PS4 Pro And Project Scorpio Changing Console Gaming To PC Gaming
Sony officially unveiled the PS4 Pro earlier this month to a lot of excitement and an equal amount, if not more, disappointments. Some gamers were angry due to the lack of a 4K UHD Blu-Ray player, while others felt the power was not enough to deliver true 4K gaming.
The PS4 Pro is a box that is rocking a 4.2-teraflop GPU, which is more than twice the improvement over the GPU found in the PlayStation 4. Despite its inability to deliver true 4K gaming, well, outside of PlayStation 3 ports and less demanding games, this is a decent console.
As for Project Scorpio, Microsoft shared back at E3 2016 that it will have 6-teraflops of GPU power, which is pretty impressive. The interesting thing is, can the company manage to keep costs down to compete at the same price as the PS4 Pro come holiday 2017?
Now, the strange, yet interesting thing about these two consoles, is how early their respective companies have decided to release them. The PS4 Pro is a device being released three-years after the original PlayStation 4, while Project Scorpio is set to release four-years after the Xbox One.
With technology ever improving, one can see why both Sony and Microsoft have chosen to venture down this path. However, isn’t doing this defeating the purpose of consoles and making them similar to PC gaming?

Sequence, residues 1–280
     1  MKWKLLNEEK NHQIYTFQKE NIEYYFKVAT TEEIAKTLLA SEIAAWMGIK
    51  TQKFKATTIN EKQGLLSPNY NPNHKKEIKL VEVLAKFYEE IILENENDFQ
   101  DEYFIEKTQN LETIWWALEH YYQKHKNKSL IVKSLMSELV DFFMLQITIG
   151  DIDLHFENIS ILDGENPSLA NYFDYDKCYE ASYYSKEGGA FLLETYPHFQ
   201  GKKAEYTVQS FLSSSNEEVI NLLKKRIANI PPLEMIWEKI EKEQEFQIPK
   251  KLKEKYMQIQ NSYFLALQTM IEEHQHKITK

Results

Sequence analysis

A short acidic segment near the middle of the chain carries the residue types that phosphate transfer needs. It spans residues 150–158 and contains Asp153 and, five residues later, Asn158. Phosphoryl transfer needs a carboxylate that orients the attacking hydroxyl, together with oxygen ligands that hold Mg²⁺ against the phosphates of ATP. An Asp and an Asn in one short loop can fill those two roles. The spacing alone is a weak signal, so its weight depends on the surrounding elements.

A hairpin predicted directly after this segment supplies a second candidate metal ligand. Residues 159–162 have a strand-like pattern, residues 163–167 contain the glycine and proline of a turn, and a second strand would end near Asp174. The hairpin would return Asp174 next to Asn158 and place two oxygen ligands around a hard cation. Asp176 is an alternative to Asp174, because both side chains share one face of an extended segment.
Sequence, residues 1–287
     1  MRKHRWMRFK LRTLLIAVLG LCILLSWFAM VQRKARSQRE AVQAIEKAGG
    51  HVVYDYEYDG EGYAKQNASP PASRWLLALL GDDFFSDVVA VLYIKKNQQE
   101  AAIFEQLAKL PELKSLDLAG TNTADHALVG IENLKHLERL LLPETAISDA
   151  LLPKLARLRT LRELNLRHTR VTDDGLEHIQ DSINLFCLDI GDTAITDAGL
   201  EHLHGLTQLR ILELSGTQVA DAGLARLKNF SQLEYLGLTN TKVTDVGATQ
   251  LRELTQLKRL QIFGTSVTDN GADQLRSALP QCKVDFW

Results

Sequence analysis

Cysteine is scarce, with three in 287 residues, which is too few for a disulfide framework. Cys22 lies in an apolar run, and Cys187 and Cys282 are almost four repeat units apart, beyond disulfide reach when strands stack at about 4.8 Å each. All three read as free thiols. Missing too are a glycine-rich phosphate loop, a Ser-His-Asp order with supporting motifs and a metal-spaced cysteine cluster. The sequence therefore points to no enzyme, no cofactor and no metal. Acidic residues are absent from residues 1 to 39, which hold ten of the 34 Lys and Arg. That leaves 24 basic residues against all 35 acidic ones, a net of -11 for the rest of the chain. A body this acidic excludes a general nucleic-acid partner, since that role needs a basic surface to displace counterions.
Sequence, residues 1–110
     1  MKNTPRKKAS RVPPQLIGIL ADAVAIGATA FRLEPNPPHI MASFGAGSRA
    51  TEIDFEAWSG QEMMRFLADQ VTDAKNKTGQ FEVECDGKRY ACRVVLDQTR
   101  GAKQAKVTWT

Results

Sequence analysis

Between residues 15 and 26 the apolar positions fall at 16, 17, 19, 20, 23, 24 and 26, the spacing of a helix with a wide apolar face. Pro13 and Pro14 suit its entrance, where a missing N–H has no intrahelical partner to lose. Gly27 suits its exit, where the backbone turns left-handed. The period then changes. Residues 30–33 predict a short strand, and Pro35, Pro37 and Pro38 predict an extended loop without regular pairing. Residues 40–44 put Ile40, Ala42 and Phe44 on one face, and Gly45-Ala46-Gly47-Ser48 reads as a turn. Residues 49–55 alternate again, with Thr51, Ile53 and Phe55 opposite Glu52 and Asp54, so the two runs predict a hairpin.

In the past, we would buy a console at launch and wouldn’t need to purchase another one until the next five or eight years. A console was always the affordable option, but this is no longer the case with this new way of doing this.
Three-years-ago, the PlayStation 4 launched with a $399 price tag, and three-years later, the PS4 Pro is being released at the same cost. For those who are going to upgrade, that’s $800 spent in three-years on a video game console. It’s even more than that once we factor in the cost of online play.
In a three-year period, online multiplayer via the PlayStation Network will set you back at around $150. Combine everything and gamers could potentially spend $950.
The argument that PC gaming is bad and expensive because the players have to upgrade every few years, is now no longer worth debating. To make matters worse, many PC gamers do not spend $950 to upgrade their system in a three-year period, so we’re looking at a scenario where console gaming could become more expensive if this initiative continues.
Some will argue that there’s no rule that says one has to upgrade to the newer systems. However, I believe when seeing the higher quality graphical output and overall better performance gains, players will want to upgrade.
At the end of the day, console gaming is practically dead. Microsoft has brought forward its Xbox Play Anywhere program, and Sony has decided to compete with the PC market with the PS4 Pro.